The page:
Bed and breakfast
A bed and breakfast, often referred to as a B&B, is a lodging typically operated out of a large single family residence where guests can be accommodated at night in private bedrooms (which may or may not be equipped with private baths) and where breakfast, sometimes Continental and sometimes the full English variety, is served in the morning. In Ireland, most B&Bs serve a traditional Irish breakfast as a point of pride. The business may be operated either as a primary occupation or as a secondary source of income, and the staff often consists of the house's owner(s) and members of their family who live there.
It is possible for guests to stay more than one night, but in some cases they will be expected to be away from the house during the main part of the day. This arrangement however is generally found to be convenient, for many of the more popular B&Bs are located in beach and mountain areas, such as Hawaii and Colorado where daytime recreation and tourism activities are popular. One advantage of staying at a B&B is readier access to popular locations off the beaten path which may not be convenient to the city center.
Because most B&Bs are small, rarely with room for more than about 10–15 guests, it is advisable for anyone wanting to stay at a bed and breakfast to make reservations well in advance of their travel date. Consultation with a qualified travel agent knowledgeable in this type of accommodation is recommended; many B&Bs belong to associations, have a web presence, and are described in various books and travel guides. For example, the highly-regulated associated B&Bs of Niagara-on-the-Lake, Canada are often completely sold out during the height of the Shaw Festival theatre season.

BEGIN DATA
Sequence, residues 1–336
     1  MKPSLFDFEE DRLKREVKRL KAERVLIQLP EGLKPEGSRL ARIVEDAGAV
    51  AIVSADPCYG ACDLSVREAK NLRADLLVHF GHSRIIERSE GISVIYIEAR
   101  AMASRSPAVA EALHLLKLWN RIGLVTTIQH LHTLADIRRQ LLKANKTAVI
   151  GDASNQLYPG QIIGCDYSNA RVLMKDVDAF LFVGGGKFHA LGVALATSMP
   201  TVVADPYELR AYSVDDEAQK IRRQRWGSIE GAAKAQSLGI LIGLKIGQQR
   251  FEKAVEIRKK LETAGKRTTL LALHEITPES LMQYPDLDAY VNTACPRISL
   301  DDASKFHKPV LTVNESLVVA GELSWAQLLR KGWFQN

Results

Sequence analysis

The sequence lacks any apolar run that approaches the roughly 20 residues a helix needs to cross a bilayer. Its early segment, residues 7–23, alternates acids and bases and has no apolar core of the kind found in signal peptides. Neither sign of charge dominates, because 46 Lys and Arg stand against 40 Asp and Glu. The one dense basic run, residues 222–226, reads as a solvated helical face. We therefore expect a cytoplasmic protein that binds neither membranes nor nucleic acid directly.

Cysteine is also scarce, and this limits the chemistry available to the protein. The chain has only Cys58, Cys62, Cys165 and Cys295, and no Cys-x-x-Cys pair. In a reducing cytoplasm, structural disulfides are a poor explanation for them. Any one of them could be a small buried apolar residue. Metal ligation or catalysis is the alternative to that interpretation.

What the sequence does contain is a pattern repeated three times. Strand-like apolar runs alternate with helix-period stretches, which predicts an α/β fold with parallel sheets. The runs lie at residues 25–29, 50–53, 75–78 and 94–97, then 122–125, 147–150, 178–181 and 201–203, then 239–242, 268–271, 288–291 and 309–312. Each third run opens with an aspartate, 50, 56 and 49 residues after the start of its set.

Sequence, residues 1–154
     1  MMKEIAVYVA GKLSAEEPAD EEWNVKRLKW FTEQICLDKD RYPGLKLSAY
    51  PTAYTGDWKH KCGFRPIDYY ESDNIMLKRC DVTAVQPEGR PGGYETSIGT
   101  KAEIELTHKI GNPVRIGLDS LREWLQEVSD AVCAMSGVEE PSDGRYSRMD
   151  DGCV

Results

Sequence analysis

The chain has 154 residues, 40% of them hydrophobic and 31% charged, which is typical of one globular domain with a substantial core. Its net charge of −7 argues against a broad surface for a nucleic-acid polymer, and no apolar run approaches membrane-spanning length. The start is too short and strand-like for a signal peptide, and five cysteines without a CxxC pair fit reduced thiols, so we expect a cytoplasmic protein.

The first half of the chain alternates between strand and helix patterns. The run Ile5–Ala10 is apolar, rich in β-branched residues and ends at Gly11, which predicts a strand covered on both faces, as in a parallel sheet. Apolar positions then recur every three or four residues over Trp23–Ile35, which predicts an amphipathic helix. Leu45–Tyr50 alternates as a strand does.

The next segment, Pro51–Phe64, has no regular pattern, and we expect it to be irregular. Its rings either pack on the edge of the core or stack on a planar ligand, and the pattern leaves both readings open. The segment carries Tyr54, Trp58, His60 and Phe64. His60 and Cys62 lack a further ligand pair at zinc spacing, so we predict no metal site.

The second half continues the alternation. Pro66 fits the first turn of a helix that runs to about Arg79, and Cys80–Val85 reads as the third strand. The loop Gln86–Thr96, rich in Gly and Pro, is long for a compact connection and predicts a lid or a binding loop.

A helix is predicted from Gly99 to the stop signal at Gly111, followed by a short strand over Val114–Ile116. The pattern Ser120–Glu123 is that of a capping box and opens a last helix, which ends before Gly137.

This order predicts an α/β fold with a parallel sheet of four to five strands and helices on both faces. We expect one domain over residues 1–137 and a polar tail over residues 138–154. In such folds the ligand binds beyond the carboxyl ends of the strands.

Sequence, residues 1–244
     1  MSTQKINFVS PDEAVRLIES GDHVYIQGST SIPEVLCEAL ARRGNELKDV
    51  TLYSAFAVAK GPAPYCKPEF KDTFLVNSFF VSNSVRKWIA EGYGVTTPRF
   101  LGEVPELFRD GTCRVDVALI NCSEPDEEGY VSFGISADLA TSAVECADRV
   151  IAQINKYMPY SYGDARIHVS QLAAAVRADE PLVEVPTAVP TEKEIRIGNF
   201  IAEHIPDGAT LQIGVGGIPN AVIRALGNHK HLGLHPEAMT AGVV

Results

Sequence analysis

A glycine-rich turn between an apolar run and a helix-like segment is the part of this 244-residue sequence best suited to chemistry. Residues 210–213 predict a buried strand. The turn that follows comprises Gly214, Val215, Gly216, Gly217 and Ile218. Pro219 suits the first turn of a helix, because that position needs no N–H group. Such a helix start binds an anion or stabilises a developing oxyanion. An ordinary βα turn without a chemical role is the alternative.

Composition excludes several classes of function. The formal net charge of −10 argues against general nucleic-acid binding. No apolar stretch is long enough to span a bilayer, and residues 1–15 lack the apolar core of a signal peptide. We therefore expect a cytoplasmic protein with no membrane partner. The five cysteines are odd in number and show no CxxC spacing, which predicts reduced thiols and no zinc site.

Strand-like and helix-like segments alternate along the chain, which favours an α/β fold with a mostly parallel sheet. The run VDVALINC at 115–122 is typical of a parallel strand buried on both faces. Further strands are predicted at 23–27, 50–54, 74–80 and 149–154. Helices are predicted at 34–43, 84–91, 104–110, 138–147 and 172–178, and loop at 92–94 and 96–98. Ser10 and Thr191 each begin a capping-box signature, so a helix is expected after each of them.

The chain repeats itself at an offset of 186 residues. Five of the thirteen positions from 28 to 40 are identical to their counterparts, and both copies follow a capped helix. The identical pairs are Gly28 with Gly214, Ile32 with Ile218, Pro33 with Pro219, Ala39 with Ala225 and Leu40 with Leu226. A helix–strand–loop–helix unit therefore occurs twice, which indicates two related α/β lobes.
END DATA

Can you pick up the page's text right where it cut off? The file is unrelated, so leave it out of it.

The B&B arrangement is actually a very old one; before the 20th century, it was quite normal for country travelers to spend the night at a private house rather than an inn, and the custom persists in many parts of the world. However, this was strictly an informal arrangement constrained by acquaintance and social rank; a doctor might stay with a doctor or pharmacist, while a nobleman would only stay with the local gentry.
Modern B&Bs often consciously seek to recall earlier days; they are frequently established in attractive older houses that have been renovated and filled with antique furniture. In some cases an existing inn will relabel itself as a "B&B" to improve business.
See also: List of types of lodging
- Jan Stankus, How to Open and Operate a Bed & Breakfast (Globe Pequot Press, 7th edition 2003) ISBN 0762728132
- Martha Watson Murphy and Amelia Rockwell Seton, How to Start and Operate Your Own Bed-And-Breakfast/Down-To-Earth Advice from an Award-Winning B&B Owner (Owlet, 1994) ISBN 0805029036
- Mary Davis, So-You Want to Be an Innkeeper: The Definitive Guide to Operating a Successful Bed-And-Breakfast or Country Inn (Chronicle Books, 1996) ISBN 081181226X
- Susannah Craig and Park Davis, Complete Idiot's Guide to Running a Bed and Breakfast (Alpha Books, 2001) ISBN 0028640004
- Bed and breakfast directory
- Commercial directory of 27,000 B&Bs in the world
- Travel and leisure around the world, bed and breakfast and hotel reservations
- Commercial directory of 3,000 B&Bs in Spain
- B&B Online
- UK and Ireland Bed and breakfasts
- romantic bed and breakfast provence south france
- Dutch Bed and Breakfasts including a free accommodation guide as pdf, doc and txt